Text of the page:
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Ford posts $1.7-billion third-quarter profit

The 69% earnings increase underscores the success of the auto industry's restructuring during the recession and proves that Ford can be profitable even with low sales volumes.

October 27, 2010|By Jerry Hirsch, Los Angeles Times

Ford Motor Co., demonstrating the growing strength of the U.S. auto industry, earned $1.7 billion in the third quarter, a 69% jump over the same period last year and surpassing a record set in 1997.

Analysts said Ford's financial health was further evidence that the industry's restructuring during the recession was paying off even though auto sales remain near historically low levels. The nation's other major automakers, General Motors Co. and Chrysler Group, are expected to report improving finances next month.

"It does bode well for GM, Chrysler and the auto suppliers that Ford can be as profitable as it is on very low volumes," said Kirk Ludtke, an analyst at CRT Capital Group in Stamford, Conn. "Every quarter that passes and Ford's profitability is sustained is affirmation that the industry has made some fundamental improvements. This is not an aberration."

While the domestic automakers can now make money on much smaller sales, Ford is furthest along with both cost reduction efforts and having the right mix of vehicles for the current market, said Shelly Lombard of Gimme Credit, a corporate credit research firm.

"You can't say that GM and Chrysler are out of the woods, but things are getting better," Lombard said. "They won't do quite as well, but they will be a heck of a lot better than they were a year ago."

Ford, which avoided bankruptcy during the recession, benefitted from both cost-cutting and top-line performance, gaining U.S. market share and selling vehicles for higher prices.

"Overall, we are doing better than we expected through the first nine months of the year," said Alan Mulally, Ford's chief executive, "and we expect to deliver solid profits in the fourth quarter and for the full year."

Much of the automaker's success is coming from a string of successful new products, such as the Fusion sedan and the Edge SUV. Truck sales, especially government and business fleet sales of the F-150 pickup, also added to the quarterly profit.

"This latest Ford story highlights a simple truth in the automotive business: Appealing product can sell in any market on its own merit, without major incentives," said James Bell, an analyst with Kelley Blue Book, the auto pricing information company.

Ford has also reduced its level of sales-incentive spending at the same time buyers are adding options to their cars and spending more, according to Edmunds.com, the auto information company. Edmunds.com estimated that buyers paid an average of $30,636 for a Ford in September, slightly higher than a year ago and up 10% from five years ago.

"For a long time, they weren't really in the car market very strongly, depending mostly on trucks and SUVs. Now they have good cars, and the car market is where the action has been in recent years," said Jessica Caldwell, an analyst with Edmunds.com.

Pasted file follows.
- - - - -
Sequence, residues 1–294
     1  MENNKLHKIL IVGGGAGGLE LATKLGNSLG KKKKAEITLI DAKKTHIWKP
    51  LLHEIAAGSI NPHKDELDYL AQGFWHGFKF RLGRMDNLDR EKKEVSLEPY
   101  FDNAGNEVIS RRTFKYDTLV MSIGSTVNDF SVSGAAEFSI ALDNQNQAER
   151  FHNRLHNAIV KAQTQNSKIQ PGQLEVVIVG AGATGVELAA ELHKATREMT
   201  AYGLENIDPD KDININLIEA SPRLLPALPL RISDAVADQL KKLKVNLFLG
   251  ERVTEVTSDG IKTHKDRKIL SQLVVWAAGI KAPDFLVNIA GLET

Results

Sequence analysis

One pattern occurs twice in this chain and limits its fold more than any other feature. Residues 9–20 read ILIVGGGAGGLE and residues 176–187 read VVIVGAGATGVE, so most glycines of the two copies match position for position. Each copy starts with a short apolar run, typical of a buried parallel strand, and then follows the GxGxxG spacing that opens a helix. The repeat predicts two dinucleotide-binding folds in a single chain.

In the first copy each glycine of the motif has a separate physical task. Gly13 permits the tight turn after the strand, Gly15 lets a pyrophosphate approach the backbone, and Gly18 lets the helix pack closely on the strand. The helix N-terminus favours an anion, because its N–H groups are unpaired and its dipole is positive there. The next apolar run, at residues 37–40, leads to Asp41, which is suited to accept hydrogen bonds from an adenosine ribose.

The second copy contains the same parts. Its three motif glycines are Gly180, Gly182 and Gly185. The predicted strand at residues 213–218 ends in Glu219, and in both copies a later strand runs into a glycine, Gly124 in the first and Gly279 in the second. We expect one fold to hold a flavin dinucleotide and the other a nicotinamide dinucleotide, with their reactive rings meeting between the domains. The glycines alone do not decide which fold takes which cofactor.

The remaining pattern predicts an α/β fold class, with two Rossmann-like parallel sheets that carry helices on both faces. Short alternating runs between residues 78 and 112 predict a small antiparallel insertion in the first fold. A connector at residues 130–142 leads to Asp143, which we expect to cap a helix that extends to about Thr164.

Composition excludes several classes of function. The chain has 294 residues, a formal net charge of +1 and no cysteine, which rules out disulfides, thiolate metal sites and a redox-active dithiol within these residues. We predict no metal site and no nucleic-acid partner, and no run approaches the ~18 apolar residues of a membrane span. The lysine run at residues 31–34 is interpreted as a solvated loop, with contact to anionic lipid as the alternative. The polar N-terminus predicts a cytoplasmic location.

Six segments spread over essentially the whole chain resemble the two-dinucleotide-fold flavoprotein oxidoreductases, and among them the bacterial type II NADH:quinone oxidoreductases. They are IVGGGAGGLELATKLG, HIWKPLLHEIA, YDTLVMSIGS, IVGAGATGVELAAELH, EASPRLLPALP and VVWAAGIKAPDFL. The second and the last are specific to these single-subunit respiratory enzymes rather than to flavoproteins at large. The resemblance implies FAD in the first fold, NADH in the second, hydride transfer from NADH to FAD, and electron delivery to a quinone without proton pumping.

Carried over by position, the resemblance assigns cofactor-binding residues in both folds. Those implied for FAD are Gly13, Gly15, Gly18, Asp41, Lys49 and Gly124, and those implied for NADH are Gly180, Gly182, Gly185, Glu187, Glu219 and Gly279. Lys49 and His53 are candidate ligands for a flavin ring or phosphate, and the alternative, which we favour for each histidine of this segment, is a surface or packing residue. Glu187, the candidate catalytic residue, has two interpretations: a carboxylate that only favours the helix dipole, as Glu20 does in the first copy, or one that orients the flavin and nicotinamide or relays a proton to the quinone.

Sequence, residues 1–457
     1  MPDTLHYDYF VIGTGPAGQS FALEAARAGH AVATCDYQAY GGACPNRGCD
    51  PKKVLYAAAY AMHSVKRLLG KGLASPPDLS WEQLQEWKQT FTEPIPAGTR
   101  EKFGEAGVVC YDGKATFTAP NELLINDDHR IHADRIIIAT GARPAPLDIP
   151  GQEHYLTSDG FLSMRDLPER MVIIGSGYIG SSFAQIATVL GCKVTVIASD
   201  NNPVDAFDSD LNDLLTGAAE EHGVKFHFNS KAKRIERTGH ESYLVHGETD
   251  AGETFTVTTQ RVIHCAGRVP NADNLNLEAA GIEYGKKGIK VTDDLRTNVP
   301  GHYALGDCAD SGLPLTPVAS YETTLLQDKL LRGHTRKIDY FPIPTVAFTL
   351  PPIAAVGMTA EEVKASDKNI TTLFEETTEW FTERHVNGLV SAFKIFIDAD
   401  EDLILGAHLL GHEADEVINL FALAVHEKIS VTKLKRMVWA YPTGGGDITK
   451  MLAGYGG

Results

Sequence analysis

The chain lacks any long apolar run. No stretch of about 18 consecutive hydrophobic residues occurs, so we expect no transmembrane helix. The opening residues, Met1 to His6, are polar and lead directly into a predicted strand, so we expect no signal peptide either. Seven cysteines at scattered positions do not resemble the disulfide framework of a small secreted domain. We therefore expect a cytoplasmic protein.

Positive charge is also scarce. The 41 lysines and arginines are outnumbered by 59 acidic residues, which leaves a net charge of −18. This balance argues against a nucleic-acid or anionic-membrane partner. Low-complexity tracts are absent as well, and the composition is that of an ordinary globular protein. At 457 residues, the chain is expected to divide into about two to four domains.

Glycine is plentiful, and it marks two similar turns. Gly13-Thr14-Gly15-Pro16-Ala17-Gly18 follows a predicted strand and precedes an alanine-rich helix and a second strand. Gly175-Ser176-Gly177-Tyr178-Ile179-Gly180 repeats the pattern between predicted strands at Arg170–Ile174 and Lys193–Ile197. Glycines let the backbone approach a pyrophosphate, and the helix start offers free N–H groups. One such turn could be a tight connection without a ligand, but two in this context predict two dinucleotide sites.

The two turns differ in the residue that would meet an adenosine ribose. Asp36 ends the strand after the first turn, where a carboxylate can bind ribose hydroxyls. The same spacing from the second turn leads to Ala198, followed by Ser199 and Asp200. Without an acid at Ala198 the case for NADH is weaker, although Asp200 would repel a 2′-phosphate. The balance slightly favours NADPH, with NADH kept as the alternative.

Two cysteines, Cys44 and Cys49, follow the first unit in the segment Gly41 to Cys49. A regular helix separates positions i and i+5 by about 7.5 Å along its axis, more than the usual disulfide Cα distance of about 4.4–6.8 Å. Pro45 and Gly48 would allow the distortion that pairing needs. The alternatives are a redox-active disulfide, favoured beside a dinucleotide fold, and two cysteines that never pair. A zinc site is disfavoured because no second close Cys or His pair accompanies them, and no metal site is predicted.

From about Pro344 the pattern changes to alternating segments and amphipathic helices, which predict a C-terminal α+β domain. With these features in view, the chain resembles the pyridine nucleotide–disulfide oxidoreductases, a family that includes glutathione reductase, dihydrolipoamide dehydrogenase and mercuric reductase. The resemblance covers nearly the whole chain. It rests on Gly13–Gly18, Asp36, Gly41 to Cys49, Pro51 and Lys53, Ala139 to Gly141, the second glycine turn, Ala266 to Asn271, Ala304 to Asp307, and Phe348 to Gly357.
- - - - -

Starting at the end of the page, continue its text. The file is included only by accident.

Ford's profit equaled 43 cents a share and compared with earnings of $1 billion, or 29 cents a share, in the same period in 2009. It was the automaker's sixth consecutive profitable quarter. Revenue fell to $29 billion from $30.3 billion a year earlier, before the company sold off Volvo, the Swedish automaker, to focus on its core Ford and Lincoln brands. Year to date, the company has earned $6.4 billion.

Ford shares closed Tuesday up 21 cents, or 1.5%, at $14.36.

On Friday, Ford plans to use some of the cash it is generating to pay off the remaining $3.6 billion it owes to the United Auto Workers union retiree healthcare trust, which will save it about $330 million in annual interest expenses. The automaker borrowed heavily to stay afloat during the recession and is working to pay back those loans.

The payment will reduce the company's total debt to $22.8 billion, a net reduction of $10.8 billion from the end of 2009. Ford said it expected its cash holdings to be equal to its total debt by the year's end, earlier than it previously anticipated. Ford also plans a stock offering that would convert $3.5 billion in debt to common stock during the fourth quarter.

"We are clearly ahead of where we thought we would be on improving our balance sheet and repaying our loans," Mulally said. "This allows us to reduce our annualized interest payments by over $800 million."

Ford's American operations had an operating profit of $1.6 billion, compared with $300 million in the same period last year. The company was profitable in South America and in Asia, driven by gains in China and India, but lost money in Europe. The company said it expected its European operations to become profitable in the fourth quarter.

Ford sales have risen 21% to 1.4 million vehicles through the first nine months. That's more than double the overall industry gain. Its share of the U.S. market has grown to 16.7% from 15.2% — the largest jump of any automaker this year, according to Autodata Corp.

There are some signs of a more robust rebound in the U.S. auto market, which was up about 10% through the first nine months.

Mark Fields, Ford's president of the Americas, said Monday that U.S. auto sales hit an annualized pace of about 12 million vehicles in October, its best rate so far this year. Automakers will report their October sales results next week.

jerry.hirsch@latimes.com

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